High-Density Mud Suspensions and Cross-Shelf Transport: On the Mechanism of Gelling Ignition

Jochen Kaempf, Paul Myrow

    Research output: Contribution to journalArticle

    10 Citations (Scopus)

    Abstract

    This study theoretically explores sediment fluxes of high-density mud suspensions across the seafloor under the assumption that the dispersions received their entire sediment load from local resuspension of surface mud. Flocculation is ignored, and a constant maximum floccule size is prescribed. The resultant sediment-flux equation, which constitutes a bottom-boundary condition for use in suspended-sediment models, has important physical implications. First, this study identifies a condition, referred to as gelling ignition, in which sediment concentrations will increase to extremely large values owing to a positive feedback between net erosion and hindered settling. Remarkably, this work reveals that, owing to boundary-layer dynamics, mud suspensions of both low and high concentrations are easier to keep in suspension than those of intermediate concentrations.Wave conditions in which high concentrations are produced in the model are within the realm of those typical of storms on shelves. On a sloping shelf, these highly concentrated suspended mud layers would be driven down slope by gravity, and thus represent a possible mechanism for cross-shelf transport.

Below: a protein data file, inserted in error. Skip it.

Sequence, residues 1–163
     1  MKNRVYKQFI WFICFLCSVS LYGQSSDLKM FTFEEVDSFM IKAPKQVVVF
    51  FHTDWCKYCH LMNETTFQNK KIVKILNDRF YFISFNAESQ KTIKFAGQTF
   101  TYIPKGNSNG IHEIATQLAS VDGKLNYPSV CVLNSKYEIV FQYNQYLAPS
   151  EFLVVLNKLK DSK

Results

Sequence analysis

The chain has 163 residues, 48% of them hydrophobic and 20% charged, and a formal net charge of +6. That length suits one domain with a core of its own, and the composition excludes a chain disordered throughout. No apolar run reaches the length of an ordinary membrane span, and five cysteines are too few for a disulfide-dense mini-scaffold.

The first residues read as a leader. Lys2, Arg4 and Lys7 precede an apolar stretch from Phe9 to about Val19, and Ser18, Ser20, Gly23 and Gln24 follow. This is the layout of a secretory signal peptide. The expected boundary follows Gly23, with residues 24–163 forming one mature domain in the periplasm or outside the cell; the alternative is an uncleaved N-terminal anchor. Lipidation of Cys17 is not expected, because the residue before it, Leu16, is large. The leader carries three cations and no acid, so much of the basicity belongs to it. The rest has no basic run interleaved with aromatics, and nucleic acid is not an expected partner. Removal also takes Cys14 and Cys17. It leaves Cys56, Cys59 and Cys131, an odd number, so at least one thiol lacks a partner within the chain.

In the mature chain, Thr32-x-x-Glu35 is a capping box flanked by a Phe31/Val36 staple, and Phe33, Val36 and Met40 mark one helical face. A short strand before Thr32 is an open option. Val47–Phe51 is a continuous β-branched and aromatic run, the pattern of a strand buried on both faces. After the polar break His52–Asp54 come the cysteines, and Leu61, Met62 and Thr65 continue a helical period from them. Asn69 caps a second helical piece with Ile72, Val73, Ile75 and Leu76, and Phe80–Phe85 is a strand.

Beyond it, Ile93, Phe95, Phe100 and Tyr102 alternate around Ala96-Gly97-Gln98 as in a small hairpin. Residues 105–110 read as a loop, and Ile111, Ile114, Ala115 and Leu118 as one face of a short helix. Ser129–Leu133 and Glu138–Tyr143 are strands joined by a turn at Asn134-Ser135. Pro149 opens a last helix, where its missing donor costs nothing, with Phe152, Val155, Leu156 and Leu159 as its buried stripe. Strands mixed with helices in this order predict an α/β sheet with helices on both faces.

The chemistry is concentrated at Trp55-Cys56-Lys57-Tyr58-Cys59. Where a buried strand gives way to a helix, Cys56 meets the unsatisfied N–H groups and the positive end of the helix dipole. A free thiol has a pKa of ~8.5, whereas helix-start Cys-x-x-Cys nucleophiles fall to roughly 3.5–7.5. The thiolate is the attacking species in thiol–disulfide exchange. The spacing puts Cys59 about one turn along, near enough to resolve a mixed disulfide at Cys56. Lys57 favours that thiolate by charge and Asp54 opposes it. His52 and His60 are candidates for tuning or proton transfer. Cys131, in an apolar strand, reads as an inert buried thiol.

Original languageEnglish
    Pages (from-to)215-223
    Number of pages9
    JournalJournal of Sedimentary Research
    Volume84
    Issue number3
    DOIs
    Publication statusPublished - 2014

    Fingerprint Dive into the research topics of 'High-Density Mud Suspensions and Cross-Shelf Transport: On the Mechanism of Gelling Ignition'. Together they form a unique fingerprint.

    Cite this